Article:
homepage logo

Memphis and the Liberty Bowl call Mountaineers to home of Elvis

By Staff | Dec 12, 2014

The Liberty Bowl in Memphis. On the surface it seems a more comfortable landing spot than the Pinstripe Bowl was two years ago when West Virginia was literally mired in the ooze of Yankee Stadium, losing to Syracuse.

The bowl opponent is Texas A&M, a team from the Southeastern Conference that plays Alabama and LSU . . . while West Virginia is located a long distance from its Big 12 games against Texas Tech, TCU and Kansas State.

West Virginia and the Aggies have never played each other. The Mountaineers only touch with any Liberty Bowl came way back in 1964 when the game was played indoors in the Atlantic City Convention Hall, snug alongside the ocean in New Jersey. West Virginia’s loss to Utah that afternoon came in the first bowl game ever played indoors.

What does Texas A&M bring to Memphis for the December 29 game? It has the same 7-5 overall record as West Virginia. After winning its first five games of the season, the Aggies lost five of their last seven games, including a season finale against LSU.

Some football history concerning the Aggies has to mention John David Crow and Johnny Manziel as the school’s two Heisman Trophy winners. The ESPN documentary titled “The Junction Boys” depicted the boot camp atmosphere put in place by new coach Paul “Bear” Bryant when he unceremoniously accepted the football job in dusty College Station.

Texas A&M is famous for its “12th Man”, a group of students from the ROTC program that stand the whole game in support of the team. Scrawled on the side of a wall supporting the upper deck seats are the words “Home of the 12th Man”.

West Virginia might try duplicating the 70-33 win Coach Dana Holgorsen’s first team produced in the Orange Bowl against Clemson.

Like Texas A&M, the Mountaineers also finished with a 7-5 overall record, actually snapping a three-game losing skid with a season-ending win against Iowa State.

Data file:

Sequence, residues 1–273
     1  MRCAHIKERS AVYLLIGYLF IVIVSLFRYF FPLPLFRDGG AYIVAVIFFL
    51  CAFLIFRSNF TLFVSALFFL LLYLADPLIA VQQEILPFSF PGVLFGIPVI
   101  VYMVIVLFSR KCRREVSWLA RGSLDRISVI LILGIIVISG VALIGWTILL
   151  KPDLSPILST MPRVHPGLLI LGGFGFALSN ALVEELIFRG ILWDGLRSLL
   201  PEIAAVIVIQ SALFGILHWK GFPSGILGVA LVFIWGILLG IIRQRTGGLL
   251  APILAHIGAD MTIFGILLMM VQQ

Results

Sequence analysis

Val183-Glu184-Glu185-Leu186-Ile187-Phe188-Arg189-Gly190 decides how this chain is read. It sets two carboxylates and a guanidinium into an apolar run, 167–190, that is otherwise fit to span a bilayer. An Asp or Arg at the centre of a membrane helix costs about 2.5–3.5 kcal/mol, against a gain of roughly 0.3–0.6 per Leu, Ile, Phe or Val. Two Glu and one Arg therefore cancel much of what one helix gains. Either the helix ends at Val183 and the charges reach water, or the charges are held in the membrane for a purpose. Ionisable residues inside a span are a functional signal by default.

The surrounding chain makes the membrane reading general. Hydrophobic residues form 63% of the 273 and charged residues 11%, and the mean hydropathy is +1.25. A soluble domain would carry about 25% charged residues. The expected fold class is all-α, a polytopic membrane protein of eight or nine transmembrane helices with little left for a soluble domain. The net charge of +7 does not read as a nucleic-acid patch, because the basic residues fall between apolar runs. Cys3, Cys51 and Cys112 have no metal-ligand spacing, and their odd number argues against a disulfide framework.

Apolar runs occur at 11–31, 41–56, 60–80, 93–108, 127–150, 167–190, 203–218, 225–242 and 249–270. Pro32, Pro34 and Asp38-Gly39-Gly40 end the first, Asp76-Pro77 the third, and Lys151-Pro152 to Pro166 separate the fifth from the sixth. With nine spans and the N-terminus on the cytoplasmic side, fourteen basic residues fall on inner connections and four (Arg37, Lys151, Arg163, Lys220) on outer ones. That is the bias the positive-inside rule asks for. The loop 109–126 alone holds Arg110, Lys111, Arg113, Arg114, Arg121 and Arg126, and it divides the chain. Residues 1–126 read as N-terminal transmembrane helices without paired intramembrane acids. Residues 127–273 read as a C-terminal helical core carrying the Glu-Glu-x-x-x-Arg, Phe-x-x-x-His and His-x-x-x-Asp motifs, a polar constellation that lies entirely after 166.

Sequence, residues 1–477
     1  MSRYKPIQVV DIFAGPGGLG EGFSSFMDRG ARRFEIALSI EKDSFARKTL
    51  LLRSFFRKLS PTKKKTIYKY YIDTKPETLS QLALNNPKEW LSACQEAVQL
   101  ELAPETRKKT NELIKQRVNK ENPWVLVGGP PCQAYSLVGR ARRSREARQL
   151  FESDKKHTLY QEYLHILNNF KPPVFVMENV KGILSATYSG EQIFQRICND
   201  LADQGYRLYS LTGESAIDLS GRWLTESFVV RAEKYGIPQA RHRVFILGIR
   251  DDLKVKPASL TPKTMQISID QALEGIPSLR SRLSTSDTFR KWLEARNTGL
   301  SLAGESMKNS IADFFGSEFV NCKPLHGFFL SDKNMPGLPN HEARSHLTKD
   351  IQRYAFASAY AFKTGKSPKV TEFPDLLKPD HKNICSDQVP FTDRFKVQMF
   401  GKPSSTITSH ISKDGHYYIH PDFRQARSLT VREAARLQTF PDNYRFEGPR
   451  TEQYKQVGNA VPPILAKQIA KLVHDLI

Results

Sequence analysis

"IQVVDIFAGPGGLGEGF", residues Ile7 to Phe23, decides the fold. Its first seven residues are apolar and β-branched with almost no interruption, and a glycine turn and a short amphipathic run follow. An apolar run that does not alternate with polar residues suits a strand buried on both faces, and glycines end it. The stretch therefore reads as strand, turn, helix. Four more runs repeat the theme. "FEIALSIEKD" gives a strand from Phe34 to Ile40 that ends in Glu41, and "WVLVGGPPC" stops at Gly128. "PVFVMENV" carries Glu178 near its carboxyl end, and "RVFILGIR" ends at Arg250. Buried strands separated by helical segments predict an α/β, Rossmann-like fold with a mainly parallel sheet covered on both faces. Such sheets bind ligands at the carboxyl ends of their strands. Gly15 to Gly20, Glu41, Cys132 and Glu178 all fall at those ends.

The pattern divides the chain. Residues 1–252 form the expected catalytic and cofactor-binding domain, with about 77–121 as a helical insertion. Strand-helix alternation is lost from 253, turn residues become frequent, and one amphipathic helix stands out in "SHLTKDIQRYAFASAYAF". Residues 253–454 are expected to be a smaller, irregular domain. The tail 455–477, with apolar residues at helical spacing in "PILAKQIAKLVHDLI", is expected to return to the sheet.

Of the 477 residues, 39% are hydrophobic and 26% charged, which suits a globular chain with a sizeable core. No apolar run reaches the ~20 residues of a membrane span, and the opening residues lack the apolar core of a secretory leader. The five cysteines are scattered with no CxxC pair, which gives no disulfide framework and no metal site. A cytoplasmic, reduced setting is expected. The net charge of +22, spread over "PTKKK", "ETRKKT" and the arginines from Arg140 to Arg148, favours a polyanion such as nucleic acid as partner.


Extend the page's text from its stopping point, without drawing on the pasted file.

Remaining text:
Skyler Howard replaced quarterback Clint Trickett, who had suffered a concussion in a loss that continued the three-game slide.

Holgorsen has offensive weapons in Rushel Shell, Kevin White, Mario Alford, Jordan Thompson, Daikiel Shorts, Wendell Smallwood and placekicker Josh Lambert. But any success West Virginia has will depend on how the sometimes suspect offensive line of Quinton Spain, Adam Pankey, Tyler Orlosky, Mark Glowinski and company perform.

The Aggies will probably do their share of scoring against the defense that usually focuses on Terrell Chestnut, KJ Dillon, Brandon Golson, Karl Joseph, Nick Kwiatkoski, Noble Nwachukwu, Daryl Worley and Shaq Pettway.

Now that college teams can have players with the same number (as long as they both are not on the field at the same time), West Virginia’s fate could fall into the hands/arms/legs of Trickett and Dillon (both No. 9) and Shell and Worley (both No. 7).

It’s an afternoon game, leaving the fan faithful willing to shell out $85 per ticket to sit in the West Virginia section plenty of time to see the sights and test the gourmet food Memphis is known to provide its visitors.The muddy Mississippi River separates Tennessee from Arkansas.

Beale Street is the home of The Blues. Elvis Presley made Graceland his home when he wasn’t throwing used handkerchiefs to his Las Vegas audiences. The city also boasts of the Memphis Rock ‘n’ Roll Museum, Sun recording studios, the Orpheum Theater, the Memphis Zoo, the National Civil Rights Museum and enough mouth-watering restaurants to ruin any attempt at maintaining a rigorous diet.

Food of many sorts and varieties comes from the Rendezvous Restaurant with its dry rub ribs, the Silver Caboose, the Trolley Stop Market, Gus’s World Famous Hot & Spicy Fried Chicken and a fistful of BBQ joints that the city draws much fame for providing.

The stadium seats 60,121 folks, but some locals will stay away because the Memphis Tigers will have just played in the Miami Beach Bowl on December 22.

It’s Holgorsen’s third bowl in his four seasons in Morgantown. The two teams have no history . . . but both will be trying to make memories on the field just as they will at the buffets, barbecue blowouts and high-calorie meals they will be inhaling.